Jasmine tea is quite perfumed and the aroma was strong, its perfumed character carrying on on the palate, supported probably by the scented perfumed character of gin. The rum contributed a warm, spicy, nutty character. The sloe and lemon fruit flavours were not very evident but maybe contributed to the dry, acid finish. The pungent scented jasmine and gin character remained dominant.


milk punch

Milk Punch


Milk Punch. Made with Batavian Arrack, Somerset Cider brandy cognac, rum, green tea, lemon juice, pineapple, spices, syrup, milk. Spices, include cloves, cinnamon, angelica seeds, quite sweet and spicy. The punch had a slight vanilla character, despite there being no vanilla in the blend. I wondered if the I was actually tasting the angelica seeds.

The advantage of milk punch recipes is that when the mixture is strained, separating the whey from the liquid curds, the mix of flavours are melded and softened into one united flavour.

The menu attributes this version to Jerry Thomas, the barman and author regarded as the founder of the world of cocktails.


donde este tommy 1

Donde Este Tommy?


Donde Esta Tommy’s? Punch. (Where is Tommy?) Based on a Tommy’s Margarita made with Tequila.  Altos Blanco Tequila, is infused with lemon balm (Toronjil), lime juice, agave syrup, soda and apricot foam.

The least punch-like of all the drinks, more of a cocktail, due to the foam topping (and I am not sure how this would be served from a bowl), but a traditional punch in the spirit of its contradictions – a character much praised by writers in the past.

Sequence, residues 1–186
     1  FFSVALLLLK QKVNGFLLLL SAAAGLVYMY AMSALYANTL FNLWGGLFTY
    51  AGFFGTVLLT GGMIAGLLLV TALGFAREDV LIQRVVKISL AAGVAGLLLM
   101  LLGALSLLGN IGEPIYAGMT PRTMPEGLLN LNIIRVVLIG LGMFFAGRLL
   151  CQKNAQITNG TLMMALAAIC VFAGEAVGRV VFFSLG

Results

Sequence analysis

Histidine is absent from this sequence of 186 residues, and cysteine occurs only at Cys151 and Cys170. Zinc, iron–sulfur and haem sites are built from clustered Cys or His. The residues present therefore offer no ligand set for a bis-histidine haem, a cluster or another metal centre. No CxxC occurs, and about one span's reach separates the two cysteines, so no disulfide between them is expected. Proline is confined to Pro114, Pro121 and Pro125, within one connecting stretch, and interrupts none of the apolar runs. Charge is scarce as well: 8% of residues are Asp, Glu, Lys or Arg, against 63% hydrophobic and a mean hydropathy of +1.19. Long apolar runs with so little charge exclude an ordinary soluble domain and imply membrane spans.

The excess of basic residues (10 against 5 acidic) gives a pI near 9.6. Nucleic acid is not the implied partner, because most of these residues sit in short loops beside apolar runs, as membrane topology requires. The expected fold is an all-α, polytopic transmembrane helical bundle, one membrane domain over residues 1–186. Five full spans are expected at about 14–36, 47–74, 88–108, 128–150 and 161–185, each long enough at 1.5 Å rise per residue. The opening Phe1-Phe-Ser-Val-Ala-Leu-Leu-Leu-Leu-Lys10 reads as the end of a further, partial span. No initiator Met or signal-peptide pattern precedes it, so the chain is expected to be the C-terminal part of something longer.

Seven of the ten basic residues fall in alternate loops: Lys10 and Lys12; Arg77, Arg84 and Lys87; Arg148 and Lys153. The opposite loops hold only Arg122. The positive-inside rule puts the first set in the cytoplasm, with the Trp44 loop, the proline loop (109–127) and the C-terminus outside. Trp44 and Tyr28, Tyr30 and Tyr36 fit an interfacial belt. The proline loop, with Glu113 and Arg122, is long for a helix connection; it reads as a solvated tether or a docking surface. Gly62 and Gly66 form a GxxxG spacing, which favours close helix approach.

This was a drink full of contrasts – dry, citrus icy liquid and sweet, fruity, warm foam.

All three punches were modern, maybe based on some older recipes, but made in a cocktail style with their large range of herbs, fruits and spirits and with the style of decorating – 50% of a cocktail is in the presentation.

The menu offered a range of ten very different punches as well as straight spirits and wines. Bar food included luxury versions of chips, lobster, a selection of cheese, burgers and pork scratchings.


Punch at the Boutique Bar Show, London, 16 September 2014

Trying out a range of rums, brandies and whiskies at a trade show is a great opportunity for me to try out new flavours, learn more and give an added dimension to what could be a potentially ‘dry’ historic study of the world of punch. Luckily, I was in London on the first day of the Boutique Bar Show. Organised by Andrew Scutts, the show is relatively small, with 38 stands, aiming at promoting new and high quality drinks brands to the UK drinks industry through tastings, talks and classes on current trends, production methods and styls, as well as hosting a trade show with producers and suppliers of drinks and bar equipment. It appeals to all those working in bars, restaurants and anywhere where quality drinks are served. This was the 7th year the show was run, held at the Camden Centre, an art-deco building dating back to 1937, opposite the newly renovated St Pancras International station (views of the show below).

boutique bar show 3boutique bar show 4boutique bar show 1